Businessman Gregory Ang, 55, says it was his childhood dream to learn how to pilot an aircraft. But he fulfilled this aspiration only 10 years ago.
When he was 15, he joined the junior flying club here and learnt aeromodelling. Then he wanted to serve national service as a pilot, but failed to meet the eyesight requirement.
While studying arts and media at the University of San Francisco in California in the United States, he joined the varsity flying club and would hop onboard the aircraft of those who had Private Pilot Licences (PPL).
"I couldn't afford to get my own PPL then. I was a starving student," he says half in jest.
His flying interest took a backseat after he came back to Singapore and plunged into working life.
But in 2005, his flying ambition resurfaced after his divorce and starting his own business. He helps entertainment companies launch, market and distribute TV channels throughout the Asia-Pacific.
"I thought to myself, 'I'm getting older. If I don't do this now, I'll never do it'," he says. "And since I was single, I did not have to ask a wife for time off to do this. I could just go ahead and do something new in my life."
He took a year to get a Malaysian PPL, but he found it "so hard" to rent aircraft to practise his newly acquired flying skills. The flying club in Johor, from which he attained his PPL, had only two aircraft for rental. Each Saturday, he would be queuing with several people for an hour-long flying slot.
Frustrated, he started reading up on aircraft ownership to see if it was a viable option. Before long, he was the proud owner of a second-hand Socata TB-9 in 2007.
He would only say that the four-seater trainer aircraft was "the price of a second- hand car" and that he co-owns it with two other people.
For a while, he was content with flying the Socata to places in Malaysia and Thailand, including Penang, Ipoh, Tioman, Redang, Malacca, Phuket and Krabi.
"But my itchiness extended," he says with a cheeky smile.
He found fault with the model - "can't go that fast, range is limited, no air-conditioning, interior not so nice, could fly only under visual flight rules", he recounts. To fly a plane under visual flight rules involves flying only in visible weather conditions where the pilot can see where the aircraft is flying and any obstacles in his path.
So, in 2009, he decided to try to become an Instrument-Rated pilot. If he achieved this, he would be able to fly not only under visual flight rules, but also in instrument meteorological conditions, such as inside clouds.
Getting this rating was tough, however. He flew to Seattle in the US thrice, for about two weeks each time, to complete the various testing segments. During those trips, he would wake up at 4am to study, then go out to fly.
Mr Ang, who remarried in 2009, says his wife would remark: "Isn't this supposed to be a hobby?" His wife is a tutor and he has a 20-year- old son from his first marriage.
He succeeded in getting the rating within a year and bought a second-hand four-seater Columbia 350 while still co-owning the Socata. The Socata is currently in Johor and Mr Ang rents it out.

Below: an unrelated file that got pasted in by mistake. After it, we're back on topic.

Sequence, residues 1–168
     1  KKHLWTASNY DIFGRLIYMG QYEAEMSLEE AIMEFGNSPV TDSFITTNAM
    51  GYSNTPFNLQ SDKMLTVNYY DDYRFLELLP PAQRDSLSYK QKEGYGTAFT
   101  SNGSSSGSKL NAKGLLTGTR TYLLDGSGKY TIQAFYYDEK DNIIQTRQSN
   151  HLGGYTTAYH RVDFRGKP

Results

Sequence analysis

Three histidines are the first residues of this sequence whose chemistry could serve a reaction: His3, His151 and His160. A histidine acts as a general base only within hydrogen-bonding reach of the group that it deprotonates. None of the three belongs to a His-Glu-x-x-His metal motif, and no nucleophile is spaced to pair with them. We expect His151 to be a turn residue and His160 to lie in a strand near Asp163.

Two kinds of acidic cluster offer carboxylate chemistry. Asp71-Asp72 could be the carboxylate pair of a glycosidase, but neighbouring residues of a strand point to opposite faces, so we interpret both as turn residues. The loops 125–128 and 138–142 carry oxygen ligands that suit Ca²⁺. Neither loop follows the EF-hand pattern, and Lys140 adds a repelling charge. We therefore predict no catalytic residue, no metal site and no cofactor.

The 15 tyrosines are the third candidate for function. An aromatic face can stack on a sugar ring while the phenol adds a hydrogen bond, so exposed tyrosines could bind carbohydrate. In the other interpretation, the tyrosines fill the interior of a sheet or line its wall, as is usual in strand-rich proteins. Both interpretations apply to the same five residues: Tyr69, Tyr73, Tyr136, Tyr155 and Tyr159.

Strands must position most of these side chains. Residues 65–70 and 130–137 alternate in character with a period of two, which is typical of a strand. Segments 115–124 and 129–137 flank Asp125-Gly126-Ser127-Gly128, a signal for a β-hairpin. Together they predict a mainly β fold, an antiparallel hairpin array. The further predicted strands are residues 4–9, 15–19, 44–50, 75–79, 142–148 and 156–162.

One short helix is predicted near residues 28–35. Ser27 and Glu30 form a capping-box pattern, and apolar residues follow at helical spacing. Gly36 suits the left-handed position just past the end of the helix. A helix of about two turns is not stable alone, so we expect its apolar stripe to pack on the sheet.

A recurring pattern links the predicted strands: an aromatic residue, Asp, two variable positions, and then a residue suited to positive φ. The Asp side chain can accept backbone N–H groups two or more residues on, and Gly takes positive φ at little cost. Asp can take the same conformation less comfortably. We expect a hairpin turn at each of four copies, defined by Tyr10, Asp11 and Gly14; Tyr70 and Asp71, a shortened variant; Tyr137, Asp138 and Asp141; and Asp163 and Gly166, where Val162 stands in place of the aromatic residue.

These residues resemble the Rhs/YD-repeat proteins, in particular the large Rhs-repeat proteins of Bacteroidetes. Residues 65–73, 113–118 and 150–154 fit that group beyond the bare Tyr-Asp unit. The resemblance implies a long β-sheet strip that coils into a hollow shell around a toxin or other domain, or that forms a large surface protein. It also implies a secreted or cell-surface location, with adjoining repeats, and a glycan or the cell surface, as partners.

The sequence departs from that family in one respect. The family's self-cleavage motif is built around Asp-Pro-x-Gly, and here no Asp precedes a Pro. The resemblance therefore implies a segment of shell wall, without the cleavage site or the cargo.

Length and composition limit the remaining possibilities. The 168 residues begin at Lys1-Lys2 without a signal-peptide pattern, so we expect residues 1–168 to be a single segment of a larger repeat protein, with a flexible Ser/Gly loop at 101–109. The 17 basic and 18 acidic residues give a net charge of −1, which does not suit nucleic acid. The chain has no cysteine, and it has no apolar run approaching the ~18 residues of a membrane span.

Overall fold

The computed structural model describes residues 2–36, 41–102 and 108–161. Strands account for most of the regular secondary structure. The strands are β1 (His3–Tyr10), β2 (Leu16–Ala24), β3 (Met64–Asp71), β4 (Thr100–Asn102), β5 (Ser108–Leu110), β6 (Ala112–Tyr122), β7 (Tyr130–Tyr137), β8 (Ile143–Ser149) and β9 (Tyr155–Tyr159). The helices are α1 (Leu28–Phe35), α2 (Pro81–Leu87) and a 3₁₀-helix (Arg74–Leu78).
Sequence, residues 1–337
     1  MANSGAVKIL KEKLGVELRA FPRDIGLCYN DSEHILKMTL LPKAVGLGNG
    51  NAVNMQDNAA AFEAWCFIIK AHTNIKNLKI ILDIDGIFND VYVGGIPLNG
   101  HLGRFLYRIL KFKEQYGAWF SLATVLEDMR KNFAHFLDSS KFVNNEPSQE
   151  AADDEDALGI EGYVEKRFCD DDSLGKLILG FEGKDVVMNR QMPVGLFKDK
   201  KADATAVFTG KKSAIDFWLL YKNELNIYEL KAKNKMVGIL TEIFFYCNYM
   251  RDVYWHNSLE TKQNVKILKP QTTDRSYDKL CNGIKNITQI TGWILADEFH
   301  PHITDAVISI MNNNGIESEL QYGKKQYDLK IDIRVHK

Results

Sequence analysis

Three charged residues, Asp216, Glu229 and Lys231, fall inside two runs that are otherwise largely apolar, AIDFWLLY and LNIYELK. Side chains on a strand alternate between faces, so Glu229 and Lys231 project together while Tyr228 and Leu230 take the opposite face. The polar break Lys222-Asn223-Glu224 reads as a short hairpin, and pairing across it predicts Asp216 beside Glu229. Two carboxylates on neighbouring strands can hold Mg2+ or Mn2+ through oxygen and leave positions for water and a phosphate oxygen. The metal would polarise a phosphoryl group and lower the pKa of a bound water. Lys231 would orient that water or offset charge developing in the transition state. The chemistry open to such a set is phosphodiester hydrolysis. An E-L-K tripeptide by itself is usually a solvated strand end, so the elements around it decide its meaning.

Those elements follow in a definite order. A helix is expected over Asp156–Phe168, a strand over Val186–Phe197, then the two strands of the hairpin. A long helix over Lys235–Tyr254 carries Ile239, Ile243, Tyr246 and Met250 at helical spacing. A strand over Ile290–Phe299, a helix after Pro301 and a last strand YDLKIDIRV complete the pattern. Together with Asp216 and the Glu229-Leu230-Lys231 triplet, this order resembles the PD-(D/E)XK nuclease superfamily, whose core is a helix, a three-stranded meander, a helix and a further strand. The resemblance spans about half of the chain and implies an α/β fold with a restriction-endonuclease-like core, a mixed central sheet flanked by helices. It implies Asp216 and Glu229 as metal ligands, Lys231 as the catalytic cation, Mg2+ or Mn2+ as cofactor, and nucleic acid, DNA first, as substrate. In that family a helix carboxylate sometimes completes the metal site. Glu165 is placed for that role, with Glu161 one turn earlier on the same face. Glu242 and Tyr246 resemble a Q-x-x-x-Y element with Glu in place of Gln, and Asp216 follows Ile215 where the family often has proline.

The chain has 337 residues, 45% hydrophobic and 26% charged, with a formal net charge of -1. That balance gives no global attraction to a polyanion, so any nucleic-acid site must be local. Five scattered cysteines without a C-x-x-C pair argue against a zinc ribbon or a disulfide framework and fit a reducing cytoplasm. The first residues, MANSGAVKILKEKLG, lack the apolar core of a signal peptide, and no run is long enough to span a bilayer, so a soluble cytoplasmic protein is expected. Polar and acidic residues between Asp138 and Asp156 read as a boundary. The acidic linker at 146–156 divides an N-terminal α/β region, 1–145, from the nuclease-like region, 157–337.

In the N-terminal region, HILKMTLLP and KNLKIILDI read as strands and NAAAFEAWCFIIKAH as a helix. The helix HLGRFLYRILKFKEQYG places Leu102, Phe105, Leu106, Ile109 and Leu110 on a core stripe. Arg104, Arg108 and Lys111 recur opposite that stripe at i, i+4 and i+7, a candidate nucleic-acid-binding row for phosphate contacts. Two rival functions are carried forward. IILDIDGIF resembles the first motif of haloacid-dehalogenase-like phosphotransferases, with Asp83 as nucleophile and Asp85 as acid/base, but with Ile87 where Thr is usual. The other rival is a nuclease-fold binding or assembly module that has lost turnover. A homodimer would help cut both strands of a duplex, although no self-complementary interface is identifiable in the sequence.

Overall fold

The Columbia cost him and another shareholder "the price of a luxury car".
Flying the Columbia back to Singapore from London was an adventure, he says. He lists some of the stops and destinations on his week-long journey, which he tackled with a co-pilot in 2011 - Cannes, Malta, Greece, the Red Sea, Dubai, Karachi and Chiang Mai.
He recalls having dinner at sunset on a beautiful Greek island and flying over the Gaza Strip. He says: "When seen from 15,000 feet up in the air, the strip looked very small. I remember wondering to myself, 'People are fighting over this?'"
"It's really exciting. You feel like a young kid seeing the world, because while I'd flown all over on commercial flights, I didn't get to see the sights I see when flying a small aircraft."
Here, he gives credit to Mr Ng Yeow Meng, founder and managing director of WingsOverAsia, a social network for private aviators and enthusiasts in Asia that is based in Singapore.
Mr Ang is a member of this network and says Mr Ng helped to coordinate all the landing permits for the various stops along the London-Singapore flight.
"He gets all the logistics figured out so that people like us can just do what we love - fly," says Mr Ang.
Last year, he went to the US again to upgrade his licence. This time, it was for a multi-engine rating that would enable him to fly aircraft that had more than one engine.
With that in hand, he sold the Columbia and bought his current aircraft, a second-hand Diamond DA-42 Twin Star. He co-owns it with a friend and, again, would divulge only that it cost him "the price of a luxury car".
He flies about 200 hours a year, which costs him about $20,000 a year, including upkeep.
So how long more will it be before he gets "itchy" again?
He chortles and says: "I dare not. Every time my wife sees me on the Internet, she will ask me, 'Hey, are you surfing plane pornography again?'"
The articles first appeared in the July 2015 issue of The Life e-magazine in The Straits Times Star E-books app, with the headline "The high life".